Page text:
The ~Texas~ Mustang Project's Blog

Working for better management options and cohabitation through compromise and communication for the American Wild Mustang

The Bordo Altravesado HMA, Comments Due: This Friday, May 14th

Posted by Texas Mustang Project on May 10, 2010

Info courtesy of Linda…

T., this is off-topic to Calico, but I hope you won’t mind if I post it here.

The Bordo Altravesado HMA is one of only two extremely small BLM HMAs in New Mexico. Soon there may be none. COMMENTS DUE THIS FRIDAY, May 14th. I’m still working on mine, and I’m hoping to send them by Thursday.Please email your comments to:  This is the link to the EA:

This post was posted by admin with information courtesy of Linda. T.

– – –

The following are links to information about the BLM Socorro District in New Mexico:

Socorro Field Office
Bureau of Land Management
901 S. Highway 85
Socorro, NM 87801-4168
(575) 835-0412
(575) 835-0223 FAX
Also see comments by Donna Hummel, Deputy Chief, BLM Office of External Affairs and further comments by Linda…

39 Responses to “The Bordo Altravesado HMA, Comments Due: This Friday, May 14th”



  2. Linda said

    I want to emphasize we have no way of knowing if there is Spanish blood in the Bordo horses unless genetic testing is done. A number of horses were introduced in 1992, 1997, and 1998 and there is no mention of their breeding. They were introduced to “maintain the genetic VIABILITY (i.e. numbers) of the herd”, but not necessarily to maintain or enhance the horses’ unique and/or historic characteristics.

    These are the direct links so folks won’t have to cut and paste or type.


    Email comments to:

    Saving the Old Spanish bloodlines is what Wild Horses of the West is doing on their private preserves.

    Wild Horses of the West:

  3. Hello,
    I work for the BLM in New Mexico. We appreciate the opportunity to dispel the persistent rumor that we are planning to eliminate the Bordo Atravesado Wild Horse herd. This is false and possibly based on a tentative 2010 gather schedule that does not accurately reflect our plan for the herd.

    Please refer to our Environmental Assessment for the proposed gather at:

    In this document you will find the alternatives we considered for this gather. Our preferred alternative is to gather approximately 107 horses, remove 40-60 of them, and leave the remainder on the range.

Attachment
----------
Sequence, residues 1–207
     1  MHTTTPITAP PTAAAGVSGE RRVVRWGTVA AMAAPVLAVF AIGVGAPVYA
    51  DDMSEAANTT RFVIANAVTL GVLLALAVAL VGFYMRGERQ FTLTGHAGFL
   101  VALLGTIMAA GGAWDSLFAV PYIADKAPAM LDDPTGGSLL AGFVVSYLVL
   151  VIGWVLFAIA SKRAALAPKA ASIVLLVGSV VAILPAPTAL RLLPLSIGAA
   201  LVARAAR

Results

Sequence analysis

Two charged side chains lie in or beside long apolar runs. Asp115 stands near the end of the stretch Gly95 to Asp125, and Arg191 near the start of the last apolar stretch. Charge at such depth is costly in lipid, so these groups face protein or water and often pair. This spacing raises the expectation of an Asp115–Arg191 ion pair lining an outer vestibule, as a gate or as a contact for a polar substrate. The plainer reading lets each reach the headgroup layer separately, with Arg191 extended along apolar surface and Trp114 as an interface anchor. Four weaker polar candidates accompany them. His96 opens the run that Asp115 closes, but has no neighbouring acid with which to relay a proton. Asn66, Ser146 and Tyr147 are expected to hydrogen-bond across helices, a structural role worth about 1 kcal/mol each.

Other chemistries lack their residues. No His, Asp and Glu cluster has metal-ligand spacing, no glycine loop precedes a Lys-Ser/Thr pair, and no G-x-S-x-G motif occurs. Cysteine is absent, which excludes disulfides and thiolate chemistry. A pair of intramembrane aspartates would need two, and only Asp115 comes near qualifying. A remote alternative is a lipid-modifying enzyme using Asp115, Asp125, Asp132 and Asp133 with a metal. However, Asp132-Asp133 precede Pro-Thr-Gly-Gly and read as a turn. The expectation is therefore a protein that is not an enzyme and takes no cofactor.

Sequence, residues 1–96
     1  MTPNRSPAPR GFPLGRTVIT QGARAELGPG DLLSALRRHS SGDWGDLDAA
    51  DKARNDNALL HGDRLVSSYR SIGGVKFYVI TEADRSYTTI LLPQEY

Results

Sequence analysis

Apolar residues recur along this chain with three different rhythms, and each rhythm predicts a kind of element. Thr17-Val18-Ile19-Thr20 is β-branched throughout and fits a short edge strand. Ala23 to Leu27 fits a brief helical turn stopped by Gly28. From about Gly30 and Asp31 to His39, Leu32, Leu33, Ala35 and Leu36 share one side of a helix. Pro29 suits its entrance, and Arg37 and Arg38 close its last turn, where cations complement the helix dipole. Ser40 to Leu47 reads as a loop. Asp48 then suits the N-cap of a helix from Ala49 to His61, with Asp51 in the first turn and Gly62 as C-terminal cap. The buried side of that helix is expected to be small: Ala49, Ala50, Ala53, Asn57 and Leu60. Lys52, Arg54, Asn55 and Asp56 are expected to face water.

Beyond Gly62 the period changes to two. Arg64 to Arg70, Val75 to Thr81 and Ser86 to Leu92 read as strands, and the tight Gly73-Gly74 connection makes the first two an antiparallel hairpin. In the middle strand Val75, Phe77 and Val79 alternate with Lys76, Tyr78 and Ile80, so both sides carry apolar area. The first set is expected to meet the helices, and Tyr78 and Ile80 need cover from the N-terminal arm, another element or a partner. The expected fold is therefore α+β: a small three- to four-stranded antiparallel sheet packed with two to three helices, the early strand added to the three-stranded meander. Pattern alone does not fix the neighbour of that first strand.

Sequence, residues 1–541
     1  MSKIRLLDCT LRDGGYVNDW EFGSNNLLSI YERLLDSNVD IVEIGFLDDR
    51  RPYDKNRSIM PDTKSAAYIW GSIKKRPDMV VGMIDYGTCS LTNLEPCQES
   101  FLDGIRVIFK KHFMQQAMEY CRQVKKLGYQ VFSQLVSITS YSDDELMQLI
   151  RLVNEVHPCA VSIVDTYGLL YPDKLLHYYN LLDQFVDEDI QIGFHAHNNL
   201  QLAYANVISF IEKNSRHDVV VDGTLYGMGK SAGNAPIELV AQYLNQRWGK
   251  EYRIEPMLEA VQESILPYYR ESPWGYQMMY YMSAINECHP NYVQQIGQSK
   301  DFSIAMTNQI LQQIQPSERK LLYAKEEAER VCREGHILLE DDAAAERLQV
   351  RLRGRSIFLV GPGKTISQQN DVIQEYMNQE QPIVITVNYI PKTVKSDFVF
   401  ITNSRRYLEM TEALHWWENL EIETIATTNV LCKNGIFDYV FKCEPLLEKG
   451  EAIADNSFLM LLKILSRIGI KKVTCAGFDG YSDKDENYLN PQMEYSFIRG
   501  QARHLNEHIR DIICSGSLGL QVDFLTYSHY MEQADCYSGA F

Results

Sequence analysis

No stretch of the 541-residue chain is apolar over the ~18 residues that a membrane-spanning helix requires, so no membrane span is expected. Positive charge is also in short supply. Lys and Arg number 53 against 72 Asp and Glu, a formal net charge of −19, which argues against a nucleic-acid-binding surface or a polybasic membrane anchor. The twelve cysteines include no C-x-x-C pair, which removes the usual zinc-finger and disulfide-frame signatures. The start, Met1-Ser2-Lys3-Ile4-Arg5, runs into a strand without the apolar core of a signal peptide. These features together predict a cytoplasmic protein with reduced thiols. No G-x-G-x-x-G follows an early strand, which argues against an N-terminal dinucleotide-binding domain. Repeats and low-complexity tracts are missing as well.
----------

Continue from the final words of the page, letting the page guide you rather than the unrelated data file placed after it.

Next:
Thank you.

    • Linda said

      Donna, when the numbers in tentative 2010 BLM Gather Schedule didn’t square with those in the Bordo Altravesado EA, it certainly got my attention.

      I appreciate that you’ve cleared this particular issue up for the record.

    • Linda said

      Donna, would you give me permission to quote you directly on the blogs where I’ve requested people submit comments on the Bordo EA? I don’t want folks getting bent out of shape over something you’ve already cleared up. I promise I won’t change a thing.

      • Hi Linda,
        Yes of course.

        Just an FYI, I did some additional posting on other sites this afternoon when we realized that there was a misperception that we were planning to eliminate the herd.

        Thank you.

    • sandra longley said

      Donna, congradulations-you got it right! Seriously, is there something in your drinking water that is making you all smarter in that neck of the woods? You are definately the poster children for something right about the BLM. This is the kind of thought and study that needs to go into every EA, and you need to be singled out for your effort! Thank You

      • terry tadano said

        Good morning,
        As the President of the Socorro County Chamber of Commerce, I am proud of the wild horse management of the Socorro BLM officials. After reading the EA for the Bordo Atravesado Wild Horse Gather (EA# NM-A020-2010-07-EA), we were pleased that the BLM experts have decided to use humane and scientific methods to manage our local wild horse herd. We agree with proposed action alternative 2. The use of a man made water and corral to catch and inventory the 100 plus animals is the best lowest stress way for the veterinarians to check the health of each horse. At this time, any horse that needs medical care will be treated and the others will be kept in family units while checking on their sex, age, color, and other genetically important features. Hair samples will be taken to inventory in order to determine the genetics of these horses for future diversity management. Approximately 40 to 50 of the best and healthiest horses will be returned to the wild within their family units, especially the foals and dams to maintain the herd.

        The Socorro County Chamber of Commerce whole heartily support the proposed gather in order to achieve and maintain a thriving natural ecological balance. Thanks BLM Officials and scientist for your hard work!, Barbara Romero, President.

        • Linda said

          Dear Barbara,

          I do not fully support either alternative presented in the Bordo Altravesado EA, but a compromise between the two.

          As a New Mexico resident, I am constantly amazed that there are so few legally-protected wild horses in the very state that was the point of origin and provided foundation bloodstock for many of our American mustangs.

          I have lived in the state for over 20 years, and my husband has lived here 60 years. Neither of us had any idea there was an opportunity to see wild horses in the Socorro area until about a year ago.

          The national BLM Wild Horse & Burro website has recently begin promoting the idea of eco-tourism on the herd managment areas. As you know, much of New Mexico’s revenue depends on tourism, and, in my opinion, showcasing the Bordo wild horses would make a fine addition to the state’s many attractions.

          People flock from all over the country and the world to tour New Mexico and the American West, and the iconic wild horses are what many hope to see.